Photo: abcdz2000, Flag
Bahrain is an archipelago of 33 islands, the largest being Bahrain Island. Saudi Arabia lies to the west and is connected to Bahrain by the King Fahd Causeway. Iran lies 200 km (120 mi) to the north across the Gulf. The peninsula of Qatar is to the southeast across the Gulf of Bahrain. The capital is Manama.
The name of Bahrain derives from an Arabic word meaning “Two Seas”, and refers to two facts, one that the islands contain two sources of water, freshwater springs and salt water in the surrounding seas.
During the ancient Bronze Age civilization of Dilmun, Bahrain was an important center linking trade routes between Mesopotamia to the north and the Indus Valley to the east as early as 5,000 years ago. Dilmun’s capital was a major port whose remains are visible today at the UNESCO World Heritage Site of Qal’at al-Bahrain – Ancient Harbour and Capital of Dilmun.
One of the world’s oldest and most enduring pieces of literature, the Epic of Gilgamesh, about discovering the source of eternal youth, is thought to be referring to Bahrain.
The inhabitants of Bahrain converted to Islam during the 7th century. A regional pearling and trade center, Bahrain came under the control of the Ummayad Caliphs of Syria, the Abbasid Caliphs of Baghdad, Persian, Omani and Portuguese forces at various times from the 7th century until the establishment of the Al Khalifa family, a branch of the Bani Utbah tribe that have ruled Bahrain since the 18th century. The country was also a British protectorate from the 1830s up to independence in 1971.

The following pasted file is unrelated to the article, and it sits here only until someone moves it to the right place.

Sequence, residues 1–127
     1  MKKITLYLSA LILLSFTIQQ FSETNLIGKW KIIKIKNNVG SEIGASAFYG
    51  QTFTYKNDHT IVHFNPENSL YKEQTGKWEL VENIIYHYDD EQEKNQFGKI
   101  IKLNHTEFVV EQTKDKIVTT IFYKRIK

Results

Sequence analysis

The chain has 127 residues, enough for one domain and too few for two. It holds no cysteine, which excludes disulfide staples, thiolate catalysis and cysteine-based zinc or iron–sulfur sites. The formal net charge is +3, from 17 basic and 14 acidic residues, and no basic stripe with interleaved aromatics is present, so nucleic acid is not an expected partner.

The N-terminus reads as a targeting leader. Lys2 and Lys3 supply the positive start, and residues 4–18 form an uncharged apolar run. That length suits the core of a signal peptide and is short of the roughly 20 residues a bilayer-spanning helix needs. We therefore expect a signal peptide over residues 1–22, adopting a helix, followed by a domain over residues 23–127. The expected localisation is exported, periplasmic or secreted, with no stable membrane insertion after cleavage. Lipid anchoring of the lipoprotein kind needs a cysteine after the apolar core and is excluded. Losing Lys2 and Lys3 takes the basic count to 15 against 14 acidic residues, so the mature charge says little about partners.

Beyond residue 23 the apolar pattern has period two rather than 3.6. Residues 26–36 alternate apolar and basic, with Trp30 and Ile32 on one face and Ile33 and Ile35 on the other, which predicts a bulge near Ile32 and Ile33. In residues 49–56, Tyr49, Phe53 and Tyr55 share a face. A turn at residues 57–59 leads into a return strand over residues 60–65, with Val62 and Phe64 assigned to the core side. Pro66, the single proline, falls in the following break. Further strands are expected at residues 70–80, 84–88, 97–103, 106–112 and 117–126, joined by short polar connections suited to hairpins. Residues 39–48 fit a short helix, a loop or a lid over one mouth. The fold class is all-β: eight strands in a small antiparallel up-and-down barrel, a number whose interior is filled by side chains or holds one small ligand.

The political system is today a constitutional monarchy headed by King Hamad bin Isa Al Khalifa. The Government of Bahrain is led by the Prime Minister, Prince Khalīfa bin Salman Al Khalifa. Bahrain has a bicameral legislature with a National Assembly comprised of two chambers; the Parliament which is elected and the Shura Council which is appointed by the King. Both chambers have forty members. Islamic ideals and beliefs provide foundation of the country’s customs, laws, and practices.
The official language is Arabic. English is very widely spoken and is the principal language of commerce. As the first Gulf state to discover oil in 1932, but with limited reserves, Bahrain has worked to diversify its economy over the past decade. Revenue from oil and natural gas is well below those of banking, finance and business, which have been the most widely heralded aspect of its diversification effort. Bahrain is a regional financial and business center with large international financial institutions operating and having their regional headquarters in Manama.